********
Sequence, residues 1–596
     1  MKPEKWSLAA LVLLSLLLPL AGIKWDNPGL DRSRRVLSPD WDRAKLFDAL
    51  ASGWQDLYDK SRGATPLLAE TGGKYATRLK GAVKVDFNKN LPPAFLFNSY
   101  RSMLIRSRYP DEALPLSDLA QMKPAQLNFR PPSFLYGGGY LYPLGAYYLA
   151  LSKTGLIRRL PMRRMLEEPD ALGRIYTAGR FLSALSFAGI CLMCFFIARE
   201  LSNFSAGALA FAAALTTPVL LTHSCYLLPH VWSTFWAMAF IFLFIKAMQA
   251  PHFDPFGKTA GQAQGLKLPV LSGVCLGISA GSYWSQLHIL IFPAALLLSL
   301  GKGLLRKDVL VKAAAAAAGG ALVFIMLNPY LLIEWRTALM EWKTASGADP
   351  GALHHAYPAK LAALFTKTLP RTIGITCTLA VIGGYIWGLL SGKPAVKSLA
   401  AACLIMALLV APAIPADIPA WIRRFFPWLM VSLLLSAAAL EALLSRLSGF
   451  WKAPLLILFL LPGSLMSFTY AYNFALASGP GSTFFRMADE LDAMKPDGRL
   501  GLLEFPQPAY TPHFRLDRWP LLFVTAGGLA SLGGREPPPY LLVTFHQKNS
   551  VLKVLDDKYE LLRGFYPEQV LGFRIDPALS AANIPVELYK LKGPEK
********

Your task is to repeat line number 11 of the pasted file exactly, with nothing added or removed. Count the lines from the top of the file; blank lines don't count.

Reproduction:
   451  WKAPLLILFL LPGSLMSFTY AYNFALASGP GSTFFRMADE LDAMKPDGRL